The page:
Venison Chili

Venison Chili

(makes 8 servings)

vegetable cooking spray
2 cups (60 g) chopped onion
4 garlic cloves, minced
2 fresh Anaheim chiles, seeded and minced
2 fresh jalapeño chiles, seeded and minced
2 pounds (960 g) boneless shoulder or leg of venison, trimmed of all fat and cut into 1/2-inch (1.25 cm) cubes
1 tablespoon (30 ml) freshly ground pepper
3 tablespoons (45 ml) good-quality chili powder
2 tablespoons (30 ml) ground cumin
1 tablespoon (15 ml) ground cinnamon
2 dried ancho chiles, seeded and chopped
1/4 teaspoon (12.5 ml) crushed dried oregano
1/4 teaspoon (1.25 ml) crushed dried thyme
1 12-ounce (360 ml) can light beer
3 cups (720 ml) water
1 28-ounce (840 g) can low-sodium Italian style tomatoes, with juice
1 15-ounce (450 g) can black beans, drained, rinsed, and drained again
1/4 cup (4 g) finely chopped fresh cilantro

  1. Lightly spray the bottom of a large pot with cooking spray. Add onion, garlic, and fresh chiles. Saute over medium-low heat, stirring, until onion is limp, about 4 minutes. Transfer the onion mixture to a dish; keep warm.
  2. Sprinkle the cubed venison with pepper. Add the seasoned venison to the pot (if necessary, lightly spray with cooking spray to prevent sticking) and cook, stirring, until venison is well browned. Return onions to the pot and add the remaining ingredients except black beans and cilantro. Stir well, breaking up the tomatoes with the back of a spoon. Simmer, uncovered, for 1 1/2 hours, until the venison is tender. If chili seems too dry, add water as needed to maintain desired consistency.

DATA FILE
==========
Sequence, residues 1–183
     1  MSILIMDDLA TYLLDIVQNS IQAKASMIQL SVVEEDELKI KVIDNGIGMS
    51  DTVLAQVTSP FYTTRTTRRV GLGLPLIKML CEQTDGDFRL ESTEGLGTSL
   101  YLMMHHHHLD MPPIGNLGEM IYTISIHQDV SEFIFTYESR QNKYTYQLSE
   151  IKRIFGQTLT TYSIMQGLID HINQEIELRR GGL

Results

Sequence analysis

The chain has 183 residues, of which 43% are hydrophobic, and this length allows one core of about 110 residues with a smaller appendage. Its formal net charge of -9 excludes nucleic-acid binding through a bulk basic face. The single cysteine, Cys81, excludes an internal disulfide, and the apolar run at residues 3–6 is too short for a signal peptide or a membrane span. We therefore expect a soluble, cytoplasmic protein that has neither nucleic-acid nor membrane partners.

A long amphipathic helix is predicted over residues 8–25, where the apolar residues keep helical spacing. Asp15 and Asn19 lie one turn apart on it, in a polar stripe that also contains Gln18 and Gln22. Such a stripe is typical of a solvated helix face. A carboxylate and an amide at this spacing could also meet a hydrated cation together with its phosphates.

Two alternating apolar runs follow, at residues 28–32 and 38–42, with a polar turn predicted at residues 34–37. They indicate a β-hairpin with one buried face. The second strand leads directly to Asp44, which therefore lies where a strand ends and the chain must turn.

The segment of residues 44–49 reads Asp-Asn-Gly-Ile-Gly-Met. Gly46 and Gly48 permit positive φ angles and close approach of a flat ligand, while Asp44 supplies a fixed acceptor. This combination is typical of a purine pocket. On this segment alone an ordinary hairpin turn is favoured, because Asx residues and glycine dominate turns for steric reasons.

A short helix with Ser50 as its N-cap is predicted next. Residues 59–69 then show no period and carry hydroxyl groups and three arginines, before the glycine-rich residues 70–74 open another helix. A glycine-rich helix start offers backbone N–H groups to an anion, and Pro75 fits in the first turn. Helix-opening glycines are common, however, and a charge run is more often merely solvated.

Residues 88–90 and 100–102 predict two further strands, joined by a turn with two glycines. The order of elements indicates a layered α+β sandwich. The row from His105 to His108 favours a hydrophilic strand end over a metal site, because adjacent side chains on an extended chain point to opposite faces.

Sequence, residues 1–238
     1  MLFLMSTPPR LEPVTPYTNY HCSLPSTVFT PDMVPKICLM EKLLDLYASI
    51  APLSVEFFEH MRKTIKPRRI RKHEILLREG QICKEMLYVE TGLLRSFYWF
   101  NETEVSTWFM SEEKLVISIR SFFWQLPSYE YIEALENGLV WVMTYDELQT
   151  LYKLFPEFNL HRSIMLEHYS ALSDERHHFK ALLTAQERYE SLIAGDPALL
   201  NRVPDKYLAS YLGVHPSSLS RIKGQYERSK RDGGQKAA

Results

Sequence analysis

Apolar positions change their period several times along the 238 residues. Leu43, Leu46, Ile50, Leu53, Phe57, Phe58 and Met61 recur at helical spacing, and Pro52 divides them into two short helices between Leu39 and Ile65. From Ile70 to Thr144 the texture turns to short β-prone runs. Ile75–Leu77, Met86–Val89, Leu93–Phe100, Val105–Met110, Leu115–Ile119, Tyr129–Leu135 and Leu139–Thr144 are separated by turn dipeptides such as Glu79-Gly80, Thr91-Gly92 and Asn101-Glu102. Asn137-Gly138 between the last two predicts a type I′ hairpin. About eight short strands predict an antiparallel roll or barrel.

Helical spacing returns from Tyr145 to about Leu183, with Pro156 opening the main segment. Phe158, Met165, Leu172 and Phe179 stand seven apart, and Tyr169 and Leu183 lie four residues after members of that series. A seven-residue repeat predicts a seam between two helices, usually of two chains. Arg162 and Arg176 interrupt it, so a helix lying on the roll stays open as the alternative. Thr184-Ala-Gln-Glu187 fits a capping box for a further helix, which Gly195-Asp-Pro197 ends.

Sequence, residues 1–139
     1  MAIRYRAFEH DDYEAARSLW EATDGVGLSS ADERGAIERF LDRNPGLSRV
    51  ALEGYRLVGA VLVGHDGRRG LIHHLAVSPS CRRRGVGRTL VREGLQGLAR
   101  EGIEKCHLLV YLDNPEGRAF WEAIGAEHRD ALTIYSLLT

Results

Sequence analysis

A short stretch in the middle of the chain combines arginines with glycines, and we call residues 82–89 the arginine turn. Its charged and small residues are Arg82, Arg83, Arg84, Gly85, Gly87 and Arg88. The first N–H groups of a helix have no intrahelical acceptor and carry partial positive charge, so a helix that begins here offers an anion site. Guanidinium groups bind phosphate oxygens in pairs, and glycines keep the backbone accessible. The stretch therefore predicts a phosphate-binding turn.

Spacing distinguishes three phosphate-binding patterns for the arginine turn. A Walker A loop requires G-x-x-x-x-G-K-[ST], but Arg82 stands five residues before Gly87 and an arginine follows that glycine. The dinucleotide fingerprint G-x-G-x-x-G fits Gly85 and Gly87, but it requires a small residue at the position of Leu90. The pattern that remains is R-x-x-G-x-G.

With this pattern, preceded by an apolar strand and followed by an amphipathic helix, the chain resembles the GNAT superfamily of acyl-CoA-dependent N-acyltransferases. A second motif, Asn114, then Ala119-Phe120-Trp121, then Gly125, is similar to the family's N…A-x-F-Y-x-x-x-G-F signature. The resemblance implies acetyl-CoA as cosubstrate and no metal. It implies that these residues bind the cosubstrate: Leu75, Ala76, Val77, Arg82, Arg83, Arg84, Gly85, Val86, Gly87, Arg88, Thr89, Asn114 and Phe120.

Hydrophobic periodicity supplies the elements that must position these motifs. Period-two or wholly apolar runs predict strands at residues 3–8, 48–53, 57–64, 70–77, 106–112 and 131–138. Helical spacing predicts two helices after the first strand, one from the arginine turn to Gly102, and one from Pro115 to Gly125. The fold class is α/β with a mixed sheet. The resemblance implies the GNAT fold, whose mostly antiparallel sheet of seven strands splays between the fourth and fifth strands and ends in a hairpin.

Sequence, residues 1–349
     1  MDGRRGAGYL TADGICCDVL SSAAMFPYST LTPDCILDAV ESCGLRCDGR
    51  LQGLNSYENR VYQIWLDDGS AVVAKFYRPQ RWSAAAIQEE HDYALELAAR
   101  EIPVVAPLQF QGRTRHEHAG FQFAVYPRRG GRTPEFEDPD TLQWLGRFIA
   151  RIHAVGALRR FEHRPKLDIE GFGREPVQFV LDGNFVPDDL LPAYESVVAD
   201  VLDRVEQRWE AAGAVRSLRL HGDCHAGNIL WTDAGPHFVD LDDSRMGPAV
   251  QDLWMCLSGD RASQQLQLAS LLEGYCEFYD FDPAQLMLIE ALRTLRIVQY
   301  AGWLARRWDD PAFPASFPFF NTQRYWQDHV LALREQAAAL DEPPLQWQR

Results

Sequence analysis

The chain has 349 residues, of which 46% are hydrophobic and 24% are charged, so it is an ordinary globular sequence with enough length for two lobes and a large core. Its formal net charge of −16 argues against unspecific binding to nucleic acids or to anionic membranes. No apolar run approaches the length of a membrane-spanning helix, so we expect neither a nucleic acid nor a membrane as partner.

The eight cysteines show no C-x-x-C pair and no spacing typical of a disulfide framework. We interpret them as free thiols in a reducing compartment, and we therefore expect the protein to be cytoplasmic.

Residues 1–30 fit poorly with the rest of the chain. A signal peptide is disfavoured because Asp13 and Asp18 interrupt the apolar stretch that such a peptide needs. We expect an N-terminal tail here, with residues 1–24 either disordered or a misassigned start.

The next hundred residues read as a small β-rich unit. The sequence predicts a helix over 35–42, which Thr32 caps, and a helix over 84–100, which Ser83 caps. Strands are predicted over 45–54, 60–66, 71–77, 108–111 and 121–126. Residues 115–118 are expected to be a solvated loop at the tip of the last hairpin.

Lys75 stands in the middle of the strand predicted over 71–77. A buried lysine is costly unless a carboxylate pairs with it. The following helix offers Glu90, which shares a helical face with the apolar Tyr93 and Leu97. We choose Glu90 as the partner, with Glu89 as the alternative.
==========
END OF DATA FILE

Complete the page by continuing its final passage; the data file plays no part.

3. Stir in black beans and cilantro. Cook for another 10 minutes, until beans are heated through. Ladle the chili into soup bowls and serve.

Per serving: 251 calories (14% calories from fat), 31 g protein, 4 g total fat (1.2 g saturated fat), 21 carbohydrate, 6 g dietary fiber, 96 mg cholesterol, 224 mg sodium
Exchanges: 3 lean meat, 1/2 carbohydrate (1/2 bread/starch), 3 vegetable